Rekindling Anglo-Danish memories - Veterinary Practice
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Rekindling Anglo-Danish memories

DICK LANE reports on the recent visit of the Veterinary History Society to Copenhagen

THE Veterinary History Society was founded in the UK by a few enthusiasts in the 1960s. At the inaugural meeting held in October 1962, 26 people attended and there were 18 others who sent apologies.

Sherwin Hall, as the first secretary for the society, served for the next 32 years and recently was elected as life president. A duplicated newssheet was produced at first and now a substantial journal, edited by John Clewlow, devoted to veterinary history topics, is published twice a year; sent out to members and to many overseas university libraries. A group of history enthusiasts and collectors have attended the meetings, usually held in London, and the exchange of research ideas and new finds is encouraged.

Under the chairmanship of Bruce Jones, the society has been reinvigorated and already four meetings have been arranged for 2008. An innovation this year was to hold a meeting in Europe, as an invitation was extended by the Danish Veterinary History Society to hold a joint meeting in April at the Copenhagen Veterinary College.

This resulted from the Danish visit to England two years ago when the James Herriott museum in Yorkshire was their society’s target. The Danish society was founded in 1934 and will celebrate its 75th anniversary next year, regular discussion meetings are held, a yearbook is produced and the European journal Historia Medicinae Veterinaire has Professor I. Katic as one of the joint editors.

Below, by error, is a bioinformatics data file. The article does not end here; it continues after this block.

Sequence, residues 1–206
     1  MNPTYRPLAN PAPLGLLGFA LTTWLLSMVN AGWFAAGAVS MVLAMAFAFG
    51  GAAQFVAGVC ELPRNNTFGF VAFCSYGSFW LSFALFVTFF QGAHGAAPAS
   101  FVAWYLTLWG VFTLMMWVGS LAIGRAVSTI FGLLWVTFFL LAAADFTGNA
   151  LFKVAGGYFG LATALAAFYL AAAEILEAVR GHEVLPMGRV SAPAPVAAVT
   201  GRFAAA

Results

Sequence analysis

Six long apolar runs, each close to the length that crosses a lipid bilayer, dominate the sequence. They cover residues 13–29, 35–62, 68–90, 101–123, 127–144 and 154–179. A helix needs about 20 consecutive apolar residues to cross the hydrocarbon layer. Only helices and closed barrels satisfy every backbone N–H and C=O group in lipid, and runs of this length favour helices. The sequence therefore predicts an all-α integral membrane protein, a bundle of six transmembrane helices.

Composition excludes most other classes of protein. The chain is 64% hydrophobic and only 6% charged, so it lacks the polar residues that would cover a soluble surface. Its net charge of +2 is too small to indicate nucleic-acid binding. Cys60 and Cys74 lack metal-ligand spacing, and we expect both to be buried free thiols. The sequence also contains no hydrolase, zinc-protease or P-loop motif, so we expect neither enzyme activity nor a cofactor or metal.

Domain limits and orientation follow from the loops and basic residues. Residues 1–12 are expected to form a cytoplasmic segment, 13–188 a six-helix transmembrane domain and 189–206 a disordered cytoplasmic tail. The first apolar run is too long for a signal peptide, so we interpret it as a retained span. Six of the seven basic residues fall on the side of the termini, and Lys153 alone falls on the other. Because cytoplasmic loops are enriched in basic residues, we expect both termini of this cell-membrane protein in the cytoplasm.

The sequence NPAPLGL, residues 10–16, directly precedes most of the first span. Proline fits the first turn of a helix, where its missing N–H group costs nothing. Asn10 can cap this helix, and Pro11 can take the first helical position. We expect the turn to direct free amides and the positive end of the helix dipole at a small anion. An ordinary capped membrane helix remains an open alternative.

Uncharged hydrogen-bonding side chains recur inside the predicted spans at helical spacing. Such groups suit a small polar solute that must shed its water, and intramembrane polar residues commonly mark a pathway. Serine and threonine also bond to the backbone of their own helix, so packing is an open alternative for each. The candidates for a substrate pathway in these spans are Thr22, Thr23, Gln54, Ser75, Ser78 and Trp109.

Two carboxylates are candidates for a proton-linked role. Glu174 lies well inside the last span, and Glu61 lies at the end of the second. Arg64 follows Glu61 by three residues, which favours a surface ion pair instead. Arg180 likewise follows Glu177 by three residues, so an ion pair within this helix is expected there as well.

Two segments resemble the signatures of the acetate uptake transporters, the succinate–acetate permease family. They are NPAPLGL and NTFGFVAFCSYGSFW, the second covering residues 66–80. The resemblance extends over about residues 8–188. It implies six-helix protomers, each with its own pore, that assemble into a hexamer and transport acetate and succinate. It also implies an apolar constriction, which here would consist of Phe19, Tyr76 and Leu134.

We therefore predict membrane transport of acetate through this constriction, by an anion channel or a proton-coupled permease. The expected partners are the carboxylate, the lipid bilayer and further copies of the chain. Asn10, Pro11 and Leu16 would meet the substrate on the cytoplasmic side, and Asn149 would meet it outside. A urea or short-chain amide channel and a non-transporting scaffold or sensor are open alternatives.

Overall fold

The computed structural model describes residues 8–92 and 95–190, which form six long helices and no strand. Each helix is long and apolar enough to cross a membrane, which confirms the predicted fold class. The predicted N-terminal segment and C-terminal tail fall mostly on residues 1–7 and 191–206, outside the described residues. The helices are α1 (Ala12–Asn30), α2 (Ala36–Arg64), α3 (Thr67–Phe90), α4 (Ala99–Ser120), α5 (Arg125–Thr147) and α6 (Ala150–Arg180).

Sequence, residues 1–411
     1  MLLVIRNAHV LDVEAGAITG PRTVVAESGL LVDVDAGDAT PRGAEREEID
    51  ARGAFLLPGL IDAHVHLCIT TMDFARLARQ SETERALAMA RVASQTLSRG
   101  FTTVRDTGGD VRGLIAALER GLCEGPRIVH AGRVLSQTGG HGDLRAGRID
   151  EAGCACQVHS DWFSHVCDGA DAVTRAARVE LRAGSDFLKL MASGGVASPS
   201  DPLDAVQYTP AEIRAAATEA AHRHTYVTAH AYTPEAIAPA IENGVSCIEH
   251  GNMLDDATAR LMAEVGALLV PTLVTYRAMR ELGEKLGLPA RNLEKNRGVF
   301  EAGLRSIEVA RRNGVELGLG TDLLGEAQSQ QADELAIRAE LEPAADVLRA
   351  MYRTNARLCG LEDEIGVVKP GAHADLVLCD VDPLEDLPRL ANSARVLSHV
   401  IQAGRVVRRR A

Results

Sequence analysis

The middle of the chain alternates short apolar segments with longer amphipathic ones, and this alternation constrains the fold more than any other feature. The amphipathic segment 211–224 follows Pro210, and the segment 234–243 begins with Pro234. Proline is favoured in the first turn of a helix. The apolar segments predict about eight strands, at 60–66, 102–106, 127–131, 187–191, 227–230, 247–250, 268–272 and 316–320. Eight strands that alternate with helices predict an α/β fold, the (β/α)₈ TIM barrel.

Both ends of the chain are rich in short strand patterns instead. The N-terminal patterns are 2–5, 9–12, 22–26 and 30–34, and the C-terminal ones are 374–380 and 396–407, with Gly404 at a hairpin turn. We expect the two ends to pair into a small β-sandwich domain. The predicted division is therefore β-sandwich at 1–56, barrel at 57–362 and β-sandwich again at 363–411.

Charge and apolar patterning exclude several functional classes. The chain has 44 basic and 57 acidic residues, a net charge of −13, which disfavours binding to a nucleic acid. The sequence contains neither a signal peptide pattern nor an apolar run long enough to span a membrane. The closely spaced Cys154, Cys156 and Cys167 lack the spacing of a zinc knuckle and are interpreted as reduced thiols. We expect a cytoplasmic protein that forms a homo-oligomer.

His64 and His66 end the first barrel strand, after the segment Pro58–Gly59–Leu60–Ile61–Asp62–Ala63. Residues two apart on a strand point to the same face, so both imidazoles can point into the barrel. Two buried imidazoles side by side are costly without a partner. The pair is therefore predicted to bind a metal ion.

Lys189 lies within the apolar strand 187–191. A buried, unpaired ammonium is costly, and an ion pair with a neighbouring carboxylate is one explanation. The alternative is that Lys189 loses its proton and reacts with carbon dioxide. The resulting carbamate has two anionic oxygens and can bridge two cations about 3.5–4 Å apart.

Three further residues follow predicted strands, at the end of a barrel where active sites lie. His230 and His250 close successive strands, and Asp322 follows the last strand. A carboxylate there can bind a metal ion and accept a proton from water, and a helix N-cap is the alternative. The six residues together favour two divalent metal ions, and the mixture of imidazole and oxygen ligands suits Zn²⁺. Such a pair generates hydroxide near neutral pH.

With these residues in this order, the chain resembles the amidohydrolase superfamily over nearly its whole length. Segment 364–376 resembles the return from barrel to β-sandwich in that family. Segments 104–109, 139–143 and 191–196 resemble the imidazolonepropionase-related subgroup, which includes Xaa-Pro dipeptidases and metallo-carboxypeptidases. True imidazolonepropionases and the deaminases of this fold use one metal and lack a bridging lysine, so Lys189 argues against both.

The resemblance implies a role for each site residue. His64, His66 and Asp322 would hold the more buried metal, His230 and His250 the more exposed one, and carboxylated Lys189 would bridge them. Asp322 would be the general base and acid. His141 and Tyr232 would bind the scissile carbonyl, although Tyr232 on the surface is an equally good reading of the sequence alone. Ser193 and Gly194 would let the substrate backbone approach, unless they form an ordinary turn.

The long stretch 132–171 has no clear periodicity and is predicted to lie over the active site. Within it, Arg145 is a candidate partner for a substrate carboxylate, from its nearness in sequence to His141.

Ahead of London

The Royal Veterinary and Agricultural University in Copenhagen was founded in 1773 as The Royal Veterinary School nearly 20 years before the first college was opened in the UK. Professor P. C. Abildgaard’s Veterinary School dealt with diseases of horses, cattle, sheep and swine and he had published as early as 1770 his book suggesting “inexpensive treatments” for many conditions.

The teaching areas of the school expanded, with food safety in 1938, landscape and architecture in 1960, human nutrition in 1987, biotechnology in 2002 and most recently gastronomy and health when the school was renamed as the Faculty of Life Sciences in 2007. The original equine logo has been retained.

From one professor and 20 students in 1771, the College this year has 1,800 staff in science, technology and admin with a 3,500 student body; 400 individuals participate in three-year Danish/English research programmes (PhD). The undergraduate intake recently has been increased to 160 and as expected consists of 90% females.

The main lecture theatre used for the conference has a historic feel but was actually a reconstruction of the original 1858 building which had been blown up after a basement gas explosion in the 1970s. There was later concealed amusement when Bang’s disease was mentioned in a lecture!

Memories were rekindled when archive films were shown: a film of Hobday operating on a horse at the London College in the late 1920s was followed by a Danish film of a stallion castration in 1900 when Abildgaard’s casting harness was used to put the horse down. The anaesthetic was administered by the veterinary assistant wearing his bowler hat as he was dripping on the chloroform, by open mask.

The light anaesthesia was evidently shared between the patient and the man kneeling on the horse’s neck. Professor Molsen working at a free Animal Protection Polyklink also appeared in this film.

The audience was amused by the “No smoking” sign displayed there many years ago since even today this rule seems not so strictly enforced in Copenhagen.